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No Dope Here! by John Lindsay

Throughout the conflict in Northern Ireland both Republican and Loyalist paramilitaries have exacted violent and sometimes murderous ‘punishments’ on those they accused of having wronged their communities. Since the 1990s, the accusation most commonly levelled against the victims of these ‘punishment’ attacks and murders has been one of involvement in the trade in illegal drugs. This brutal paramilitary ‘justice’ is one of the least researched aspects of the Northern Irish conflict.  Such “rough justice” has persisted and even increased in ferocity in spite of ceasefire  declarations  by the leading  paramilitary groups. There is some suspicion that the British State has at times been prepared to overlook drug related murders, even dismissing them as ‘internal housekeeping’ by paramilitaries.

No Dope Here Anti-Drugs Vigilantism in Northern Ireland paramilitariesNo Dope Here? Anti-Drugs Vigilantism in Northern Ireland,  draws on a wide range of sources including the author’s interviews with former paramilitaries, both Loyalist and Republican, former drug users and suppliers, victims of paramilitary shootings, beatings and exilings and their families, politicians, health professionals, academics, police and community workers.
 
This groundbreaking  book examines  the use of illegal drugs in Northern Ireland, from the relatively low levels in the 1970s and 1980s, through to the increased use and availability that occurred from around 1990 onwards. The different kinds of drugs in use and the related  subcultures are explored,  including  the glue sniffing craze in the 1970s and 80s, the rave/ecstasy scene of the 1990s, the growth of small but significant pockets of heroin addiction, mainly in the North Antrim area (and the influence that the devastation  wreaked by the 1980s heroin epidemic in Dublin had on Republican thinking and strategy), through to the growing use of cocaine and the erupting  panic about the availability of so-called ‘legal highs’.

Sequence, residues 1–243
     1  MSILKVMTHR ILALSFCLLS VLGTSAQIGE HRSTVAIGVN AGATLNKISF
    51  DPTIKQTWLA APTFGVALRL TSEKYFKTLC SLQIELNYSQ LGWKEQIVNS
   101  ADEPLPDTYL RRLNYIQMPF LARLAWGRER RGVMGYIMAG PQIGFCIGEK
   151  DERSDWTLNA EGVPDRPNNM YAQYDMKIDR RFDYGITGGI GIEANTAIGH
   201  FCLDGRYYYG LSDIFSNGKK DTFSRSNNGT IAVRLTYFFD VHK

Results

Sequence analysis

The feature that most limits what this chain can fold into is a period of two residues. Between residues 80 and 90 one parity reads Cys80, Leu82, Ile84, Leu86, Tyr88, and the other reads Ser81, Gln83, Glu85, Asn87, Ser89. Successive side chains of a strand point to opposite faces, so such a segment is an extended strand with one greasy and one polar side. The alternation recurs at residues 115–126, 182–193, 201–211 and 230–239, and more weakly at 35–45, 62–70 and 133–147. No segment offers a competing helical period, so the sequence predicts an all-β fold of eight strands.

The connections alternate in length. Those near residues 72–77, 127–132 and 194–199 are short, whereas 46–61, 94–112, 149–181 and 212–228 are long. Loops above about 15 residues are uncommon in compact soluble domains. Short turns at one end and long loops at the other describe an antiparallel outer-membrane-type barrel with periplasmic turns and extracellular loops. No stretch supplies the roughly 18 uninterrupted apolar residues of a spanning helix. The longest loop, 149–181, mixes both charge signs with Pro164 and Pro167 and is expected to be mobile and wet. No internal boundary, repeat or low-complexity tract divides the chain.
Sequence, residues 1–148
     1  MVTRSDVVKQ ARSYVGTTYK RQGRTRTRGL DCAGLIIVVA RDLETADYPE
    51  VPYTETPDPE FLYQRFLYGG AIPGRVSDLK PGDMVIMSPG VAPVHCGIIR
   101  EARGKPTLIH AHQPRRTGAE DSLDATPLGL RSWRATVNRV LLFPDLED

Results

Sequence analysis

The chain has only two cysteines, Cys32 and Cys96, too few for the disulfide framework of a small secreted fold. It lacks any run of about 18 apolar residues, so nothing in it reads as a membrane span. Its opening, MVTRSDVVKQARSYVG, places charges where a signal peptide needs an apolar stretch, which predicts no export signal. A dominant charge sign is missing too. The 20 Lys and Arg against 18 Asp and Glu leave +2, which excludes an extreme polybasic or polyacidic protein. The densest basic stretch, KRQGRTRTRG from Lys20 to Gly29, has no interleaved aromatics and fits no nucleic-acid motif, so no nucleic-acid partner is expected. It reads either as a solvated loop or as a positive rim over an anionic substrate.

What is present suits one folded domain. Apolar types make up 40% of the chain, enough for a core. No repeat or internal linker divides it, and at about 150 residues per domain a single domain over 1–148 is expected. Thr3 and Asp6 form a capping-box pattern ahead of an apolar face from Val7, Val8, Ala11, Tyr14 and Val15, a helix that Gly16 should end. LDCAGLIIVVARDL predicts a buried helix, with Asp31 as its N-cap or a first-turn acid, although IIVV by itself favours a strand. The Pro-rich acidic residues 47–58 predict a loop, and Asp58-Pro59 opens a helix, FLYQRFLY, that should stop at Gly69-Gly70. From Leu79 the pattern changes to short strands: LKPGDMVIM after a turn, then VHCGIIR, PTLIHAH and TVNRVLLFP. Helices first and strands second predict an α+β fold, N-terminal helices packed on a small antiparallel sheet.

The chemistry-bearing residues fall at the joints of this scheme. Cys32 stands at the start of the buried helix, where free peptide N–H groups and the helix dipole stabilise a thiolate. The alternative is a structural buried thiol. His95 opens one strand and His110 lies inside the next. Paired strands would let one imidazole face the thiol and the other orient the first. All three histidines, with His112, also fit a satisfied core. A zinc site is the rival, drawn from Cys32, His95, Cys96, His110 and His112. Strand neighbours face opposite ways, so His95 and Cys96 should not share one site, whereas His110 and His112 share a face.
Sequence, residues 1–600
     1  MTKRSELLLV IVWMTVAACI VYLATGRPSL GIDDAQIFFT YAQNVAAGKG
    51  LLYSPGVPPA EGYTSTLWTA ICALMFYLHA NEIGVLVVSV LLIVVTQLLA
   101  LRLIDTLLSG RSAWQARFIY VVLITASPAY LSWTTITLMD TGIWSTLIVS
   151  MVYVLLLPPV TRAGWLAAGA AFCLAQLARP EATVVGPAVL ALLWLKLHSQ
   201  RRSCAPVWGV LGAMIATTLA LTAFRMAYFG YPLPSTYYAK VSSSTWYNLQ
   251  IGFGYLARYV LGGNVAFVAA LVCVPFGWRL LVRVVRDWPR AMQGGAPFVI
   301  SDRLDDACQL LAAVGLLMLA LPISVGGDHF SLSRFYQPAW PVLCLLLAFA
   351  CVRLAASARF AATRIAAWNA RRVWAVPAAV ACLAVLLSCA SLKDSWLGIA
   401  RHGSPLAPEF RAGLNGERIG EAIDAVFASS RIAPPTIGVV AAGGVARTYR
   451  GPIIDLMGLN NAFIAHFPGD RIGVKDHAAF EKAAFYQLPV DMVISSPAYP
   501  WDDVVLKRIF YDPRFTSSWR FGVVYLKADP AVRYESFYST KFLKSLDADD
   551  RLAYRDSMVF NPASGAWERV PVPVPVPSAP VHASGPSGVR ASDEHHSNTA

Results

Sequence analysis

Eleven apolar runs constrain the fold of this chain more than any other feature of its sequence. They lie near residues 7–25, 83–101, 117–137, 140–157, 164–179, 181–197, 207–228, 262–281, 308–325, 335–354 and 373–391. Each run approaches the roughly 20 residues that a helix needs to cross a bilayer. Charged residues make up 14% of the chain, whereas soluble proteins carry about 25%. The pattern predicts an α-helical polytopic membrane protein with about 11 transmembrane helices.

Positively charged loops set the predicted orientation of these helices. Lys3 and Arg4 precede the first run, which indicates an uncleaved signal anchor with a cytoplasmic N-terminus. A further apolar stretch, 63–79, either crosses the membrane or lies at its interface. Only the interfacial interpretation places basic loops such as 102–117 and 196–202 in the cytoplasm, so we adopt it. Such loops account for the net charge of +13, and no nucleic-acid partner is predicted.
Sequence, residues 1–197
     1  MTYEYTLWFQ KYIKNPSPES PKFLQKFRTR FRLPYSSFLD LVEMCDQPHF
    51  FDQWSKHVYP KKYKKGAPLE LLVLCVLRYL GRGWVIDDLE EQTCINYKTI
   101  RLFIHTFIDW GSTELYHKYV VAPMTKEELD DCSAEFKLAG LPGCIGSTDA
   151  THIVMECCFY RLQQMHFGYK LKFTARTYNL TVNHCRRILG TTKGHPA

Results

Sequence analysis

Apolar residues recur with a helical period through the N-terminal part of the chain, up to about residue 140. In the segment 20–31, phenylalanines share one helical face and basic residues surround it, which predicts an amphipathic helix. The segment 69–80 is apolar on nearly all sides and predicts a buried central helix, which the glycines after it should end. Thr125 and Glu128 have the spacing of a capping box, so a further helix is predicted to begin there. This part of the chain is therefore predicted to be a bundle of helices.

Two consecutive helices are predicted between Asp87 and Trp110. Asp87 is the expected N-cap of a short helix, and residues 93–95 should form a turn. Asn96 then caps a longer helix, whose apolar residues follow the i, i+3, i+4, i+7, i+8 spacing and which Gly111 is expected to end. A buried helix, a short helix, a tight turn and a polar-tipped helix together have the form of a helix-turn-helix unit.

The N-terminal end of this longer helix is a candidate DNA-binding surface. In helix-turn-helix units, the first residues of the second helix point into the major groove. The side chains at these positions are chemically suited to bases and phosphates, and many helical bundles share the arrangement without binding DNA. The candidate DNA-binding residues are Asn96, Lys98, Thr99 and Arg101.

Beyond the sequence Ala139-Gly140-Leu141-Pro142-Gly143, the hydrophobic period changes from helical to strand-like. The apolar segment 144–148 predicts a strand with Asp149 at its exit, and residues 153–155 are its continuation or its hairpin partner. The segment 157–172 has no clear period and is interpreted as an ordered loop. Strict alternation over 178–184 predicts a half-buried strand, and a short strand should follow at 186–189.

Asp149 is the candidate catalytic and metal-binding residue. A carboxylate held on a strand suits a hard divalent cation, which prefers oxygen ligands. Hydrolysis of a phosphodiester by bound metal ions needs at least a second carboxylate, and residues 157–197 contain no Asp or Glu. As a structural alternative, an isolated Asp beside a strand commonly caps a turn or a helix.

Lindsay’s book  examines  the deadly feuding that exploded  within and between paramilitary groups as some factions became embroiled in drug dealing and  describes  the serial murders and kneecappings carried out by sections of the IRA, styling themselves Direct Action Against Drugs, in the period after the IRA  ceasefire of 1994.
 
The reasons for paramilitary ‘punishment’ attacks (or” parallel justice” systems as some might prefer to describe them) are analysed . The community  support that existed in some areas for swift retribution against anti-social acts is acknowledged, as are attempts by some paramilitaries to move towards more humane methods of ‘policing’ their communities. The physical, emotional and psychological impacts of ‘punishment’ attacks upon their victims are also considered.
 
The final section of  “No Dope Here” looks directly  at the ongoing vigilante violence  that persists in some areas of the North, most notably in Derry/Londonderry and in parts of North and West Belfast.  Much of this violence was unfolding whilst the book was being written and researched. There are extensive first hand accounts of this violence, the fear that it engendered, and the campaigns to try to bring it to an end.  The book ends with a brief postscript looking at the amalgamation of Republican Action Against Drugs and the ‘Real’ IRA into a new organisation and the implications that this and other developments may have for the future.   “No Dope Here”   is available from most local bookshops and through the Junction Community Relations and Peacebuilding Initiative, call  02871361942

About The Author
John Lindsay, a yoga teacher and father of four, was raised in North Wales and moved to Northern Ireland in 1984. He is the author of Brits Speak Out – British Soldiers’ Impressions of the Northern Ireland Conflict published by Creggan based  Guildhall Press  in 1998.  John ,with support and assistance from the Junction Community Relations and Peace Building Initiative, has spent most of the past two years researching No Dope Here? Anti-Drugs Vigilantism in Northern Ireland.

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